Show simple item record

Environmental Performance and Sustainability of Bioretention Cells

dc.contributor.advisorDavis, Allen Pen_US
dc.contributor.authorJones, Philip Sumneren_US
dc.description.abstractBioretention cells use vegetation and soil media for source control of urban stormwater runoff, alleviating waterway impairment. Environmental performance of two cells was investigated. First, a cell capturing road runoff was monitored for one year. At a second cell, media were sampled to measure lifetime metal accumulation and evaluate the environmental, health, and maintenance implications of metal sequestration. Monitoring found high metal and suspended solids removal, generally poor nutrient performance, and chloride export. Runoff volume and peak flow rate reduction occurred for small storm events. For larger events, outflow volume consistently exceeded inflow because of unique site conditions. Lead, copper, and zinc media concentrations in the second cell were elevated but well below cleanup thresholds. Metals were strongly bound to bioretention media and largely immobile; lead bioavailability was comparable to generic soil estimates. Most metal accumulation was near the inflow point in the top 3 to 12 cm of media.en_US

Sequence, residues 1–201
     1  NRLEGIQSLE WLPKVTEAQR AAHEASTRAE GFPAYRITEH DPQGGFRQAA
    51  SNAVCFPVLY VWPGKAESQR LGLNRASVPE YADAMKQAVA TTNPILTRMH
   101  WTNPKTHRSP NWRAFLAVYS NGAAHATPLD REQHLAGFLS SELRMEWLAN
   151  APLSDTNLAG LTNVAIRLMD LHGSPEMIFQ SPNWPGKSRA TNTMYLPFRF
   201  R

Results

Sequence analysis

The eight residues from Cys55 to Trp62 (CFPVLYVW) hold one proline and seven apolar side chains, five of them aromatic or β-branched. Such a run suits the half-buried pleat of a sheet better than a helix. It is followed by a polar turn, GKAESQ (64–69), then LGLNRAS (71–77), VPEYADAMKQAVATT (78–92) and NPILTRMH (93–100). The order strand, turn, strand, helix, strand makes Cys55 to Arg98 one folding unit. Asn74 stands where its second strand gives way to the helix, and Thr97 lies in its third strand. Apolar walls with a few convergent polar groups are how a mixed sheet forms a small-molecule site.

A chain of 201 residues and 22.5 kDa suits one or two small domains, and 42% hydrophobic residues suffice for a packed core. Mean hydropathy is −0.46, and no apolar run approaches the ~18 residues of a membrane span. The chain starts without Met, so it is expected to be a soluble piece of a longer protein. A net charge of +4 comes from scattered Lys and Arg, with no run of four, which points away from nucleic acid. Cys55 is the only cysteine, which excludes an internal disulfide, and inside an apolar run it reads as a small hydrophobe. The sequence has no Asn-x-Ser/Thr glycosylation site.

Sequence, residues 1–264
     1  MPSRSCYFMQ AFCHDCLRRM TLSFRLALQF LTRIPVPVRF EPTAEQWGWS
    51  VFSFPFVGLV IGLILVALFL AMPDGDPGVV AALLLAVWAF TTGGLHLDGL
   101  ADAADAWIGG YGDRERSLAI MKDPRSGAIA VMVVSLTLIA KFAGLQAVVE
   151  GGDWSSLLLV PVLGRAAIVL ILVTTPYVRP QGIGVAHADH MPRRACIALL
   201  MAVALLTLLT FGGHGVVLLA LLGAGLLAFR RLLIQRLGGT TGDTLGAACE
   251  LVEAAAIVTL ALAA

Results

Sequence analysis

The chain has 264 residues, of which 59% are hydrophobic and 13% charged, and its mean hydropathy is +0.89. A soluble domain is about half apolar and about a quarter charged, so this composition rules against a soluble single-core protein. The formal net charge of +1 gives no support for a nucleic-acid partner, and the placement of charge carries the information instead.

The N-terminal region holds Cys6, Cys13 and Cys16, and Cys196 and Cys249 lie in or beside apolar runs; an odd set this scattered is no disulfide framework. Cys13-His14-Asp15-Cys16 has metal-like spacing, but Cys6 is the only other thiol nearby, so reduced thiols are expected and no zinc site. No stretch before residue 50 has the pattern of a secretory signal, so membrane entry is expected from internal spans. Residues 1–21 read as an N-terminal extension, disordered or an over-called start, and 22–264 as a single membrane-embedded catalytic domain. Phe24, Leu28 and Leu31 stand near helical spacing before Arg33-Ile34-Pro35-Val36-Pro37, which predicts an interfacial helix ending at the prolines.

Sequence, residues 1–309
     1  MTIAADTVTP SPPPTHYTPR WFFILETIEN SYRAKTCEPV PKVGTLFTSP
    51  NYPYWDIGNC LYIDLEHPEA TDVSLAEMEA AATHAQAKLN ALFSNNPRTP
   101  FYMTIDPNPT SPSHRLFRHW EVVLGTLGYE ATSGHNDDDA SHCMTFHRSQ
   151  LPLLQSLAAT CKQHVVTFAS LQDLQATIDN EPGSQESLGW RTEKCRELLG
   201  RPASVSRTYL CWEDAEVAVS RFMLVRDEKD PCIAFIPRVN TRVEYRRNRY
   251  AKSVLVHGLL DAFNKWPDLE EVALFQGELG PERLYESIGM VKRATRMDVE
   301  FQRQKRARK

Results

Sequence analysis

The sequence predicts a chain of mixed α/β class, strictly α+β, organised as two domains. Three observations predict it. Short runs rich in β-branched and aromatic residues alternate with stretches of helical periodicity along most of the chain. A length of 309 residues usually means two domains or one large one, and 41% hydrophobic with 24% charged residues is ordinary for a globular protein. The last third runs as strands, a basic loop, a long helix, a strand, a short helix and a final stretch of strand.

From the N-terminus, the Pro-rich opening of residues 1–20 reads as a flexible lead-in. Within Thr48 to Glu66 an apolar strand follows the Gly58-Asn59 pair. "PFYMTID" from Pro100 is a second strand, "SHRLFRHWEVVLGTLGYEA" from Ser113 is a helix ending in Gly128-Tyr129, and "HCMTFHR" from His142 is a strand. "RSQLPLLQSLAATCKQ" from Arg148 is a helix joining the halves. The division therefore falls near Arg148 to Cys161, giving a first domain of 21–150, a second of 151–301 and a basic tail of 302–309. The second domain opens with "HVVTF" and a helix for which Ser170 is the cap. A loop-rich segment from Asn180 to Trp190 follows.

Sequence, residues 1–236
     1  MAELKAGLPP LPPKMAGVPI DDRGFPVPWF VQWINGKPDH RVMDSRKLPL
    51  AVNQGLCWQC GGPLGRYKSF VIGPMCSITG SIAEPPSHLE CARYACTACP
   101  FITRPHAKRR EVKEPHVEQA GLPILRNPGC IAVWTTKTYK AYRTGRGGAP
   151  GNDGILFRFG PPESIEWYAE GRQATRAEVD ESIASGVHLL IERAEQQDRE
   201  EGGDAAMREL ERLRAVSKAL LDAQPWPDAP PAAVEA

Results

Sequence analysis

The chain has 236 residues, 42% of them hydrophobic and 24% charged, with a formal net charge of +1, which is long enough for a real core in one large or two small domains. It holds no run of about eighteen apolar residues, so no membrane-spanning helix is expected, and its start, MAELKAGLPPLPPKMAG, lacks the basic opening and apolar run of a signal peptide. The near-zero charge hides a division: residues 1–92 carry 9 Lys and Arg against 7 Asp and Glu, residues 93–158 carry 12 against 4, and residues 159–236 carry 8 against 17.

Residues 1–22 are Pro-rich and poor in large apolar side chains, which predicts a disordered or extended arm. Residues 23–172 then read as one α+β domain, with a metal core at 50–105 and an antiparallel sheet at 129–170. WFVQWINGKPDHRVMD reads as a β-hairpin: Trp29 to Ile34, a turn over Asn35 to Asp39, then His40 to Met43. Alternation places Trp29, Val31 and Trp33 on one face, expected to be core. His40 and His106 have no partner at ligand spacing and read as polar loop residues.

dc.format.extent6050693 bytes
dc.titleEnvironmental Performance and Sustainability of Bioretention Cellsen_US
dc.contributor.publisherDigital Repository at the University of Marylanden_US
dc.contributor.publisherUniversity of Maryland (College Park, Md.)en_US
dc.contributor.departmentCivil Engineeringen_US
dc.subject.pqcontrolledEngineering, Environmentalen_US
dc.subject.pqcontrolledEngineering, Civilen_US
dc.subject.pqcontrolledEnvironmental Sciencesen_US
dc.subject.pquncontrolledHeavy metalsen_US
dc.subject.pquncontrolledRain gardenen_US

Files in this item


This item appears in the following Collection(s)

Show simple item record